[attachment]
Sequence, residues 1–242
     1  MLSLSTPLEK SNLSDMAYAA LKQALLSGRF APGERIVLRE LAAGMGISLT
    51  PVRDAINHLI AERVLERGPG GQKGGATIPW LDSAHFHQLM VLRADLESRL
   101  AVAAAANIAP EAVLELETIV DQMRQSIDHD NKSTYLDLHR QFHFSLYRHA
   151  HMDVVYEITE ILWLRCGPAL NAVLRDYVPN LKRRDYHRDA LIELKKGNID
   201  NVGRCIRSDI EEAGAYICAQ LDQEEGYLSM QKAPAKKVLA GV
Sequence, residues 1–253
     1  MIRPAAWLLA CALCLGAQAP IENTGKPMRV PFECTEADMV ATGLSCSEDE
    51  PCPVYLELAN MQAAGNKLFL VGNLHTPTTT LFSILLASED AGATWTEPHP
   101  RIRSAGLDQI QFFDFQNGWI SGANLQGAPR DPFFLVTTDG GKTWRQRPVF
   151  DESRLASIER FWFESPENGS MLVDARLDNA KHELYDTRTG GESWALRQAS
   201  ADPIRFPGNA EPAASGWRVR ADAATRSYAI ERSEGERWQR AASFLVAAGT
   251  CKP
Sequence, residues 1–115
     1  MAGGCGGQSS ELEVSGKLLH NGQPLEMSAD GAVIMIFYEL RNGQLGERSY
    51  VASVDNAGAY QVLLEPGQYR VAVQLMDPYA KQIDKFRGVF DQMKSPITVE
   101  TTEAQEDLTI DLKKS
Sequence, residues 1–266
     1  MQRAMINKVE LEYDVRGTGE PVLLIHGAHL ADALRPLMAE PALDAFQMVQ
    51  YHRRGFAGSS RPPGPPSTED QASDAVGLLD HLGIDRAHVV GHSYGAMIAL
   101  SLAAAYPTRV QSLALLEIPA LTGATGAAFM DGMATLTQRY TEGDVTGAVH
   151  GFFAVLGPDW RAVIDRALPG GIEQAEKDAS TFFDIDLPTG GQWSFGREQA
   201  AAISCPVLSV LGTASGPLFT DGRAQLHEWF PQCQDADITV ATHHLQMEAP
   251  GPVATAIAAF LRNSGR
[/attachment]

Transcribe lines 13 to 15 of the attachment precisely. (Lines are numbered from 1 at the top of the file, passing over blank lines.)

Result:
   251  CKP
Sequence, residues 1–115
     1  MAGGCGGQSS ELEVSGKLLH NGQPLEMSAD GAVIMIFYEL RNGQLGERSY